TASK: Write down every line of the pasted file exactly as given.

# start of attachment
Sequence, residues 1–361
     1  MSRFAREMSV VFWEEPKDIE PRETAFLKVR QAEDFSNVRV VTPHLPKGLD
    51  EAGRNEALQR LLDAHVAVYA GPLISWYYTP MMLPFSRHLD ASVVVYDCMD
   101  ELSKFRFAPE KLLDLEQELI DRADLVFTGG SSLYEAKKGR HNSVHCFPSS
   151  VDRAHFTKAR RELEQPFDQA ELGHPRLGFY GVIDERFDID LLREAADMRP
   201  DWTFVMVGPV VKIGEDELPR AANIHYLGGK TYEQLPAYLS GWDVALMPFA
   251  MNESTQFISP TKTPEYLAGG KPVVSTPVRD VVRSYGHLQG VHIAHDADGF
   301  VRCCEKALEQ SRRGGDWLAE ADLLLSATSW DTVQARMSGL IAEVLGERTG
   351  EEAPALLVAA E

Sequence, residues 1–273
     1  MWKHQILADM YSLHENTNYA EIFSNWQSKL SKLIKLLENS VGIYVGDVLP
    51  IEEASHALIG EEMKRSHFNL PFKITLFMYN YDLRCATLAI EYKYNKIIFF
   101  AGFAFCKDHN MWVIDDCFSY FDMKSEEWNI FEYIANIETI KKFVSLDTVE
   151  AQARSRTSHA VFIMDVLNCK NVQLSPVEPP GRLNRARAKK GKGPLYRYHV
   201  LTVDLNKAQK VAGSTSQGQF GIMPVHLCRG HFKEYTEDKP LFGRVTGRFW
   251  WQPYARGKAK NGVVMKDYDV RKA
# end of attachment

Sequence, residues 1–361
     1  MSRFAREMSV VFWEEPKDIE PRETAFLKVR QAEDFSNVRV VTPHLPKGLD
    51  EAGRNEALQR LLDAHVAVYA GPLISWYYTP MMLPFSRHLD ASVVVYDCMD
   101  ELSKFRFAPE KLLDLEQELI DRADLVFTGG SSLYEAKKGR HNSVHCFPSS
   151  VDRAHFTKAR RELEQPFDQA ELGHPRLGFY GVIDERFDID LLREAADMRP
   201  DWTFVMVGPV VKIGEDELPR AANIHYLGGK TYEQLPAYLS GWDVALMPFA
   251  MNESTQFISP TKTPEYLAGG KPVVSTPVRD VVRSYGHLQG VHIAHDADGF
   301  VRCCEKALEQ SRRGGDWLAE ADLLLSATSW DTVQARMSGL IAEVLGERTG
   351  EEAPALLVAA E

Sequence, residues 1–273
     1  MWKHQILADM YSLHENTNYA EIFSNWQSKL SKLIKLLENS VGIYVGDVLP
    51  IEEASHALIG EEMKRSHFNL PFKITLFMYN YDLRCATLAI EYKYNKIIFF
   101  AGFAFCKDHN MWVIDDCFSY FDMKSEEWNI FEYIANIETI KKFVSLDTVE
   151  AQARSRTSHA VFIMDVLNCK NVQLSPVEPP GRLNRARAKK GKGPLYRYHV
   201  LTVDLNKAQK VAGSTSQGQF GIMPVHLCRG HFKEYTEDKP LFGRVTGRFW
   251  WQPYARGKAK NGVVMKDYDV RKA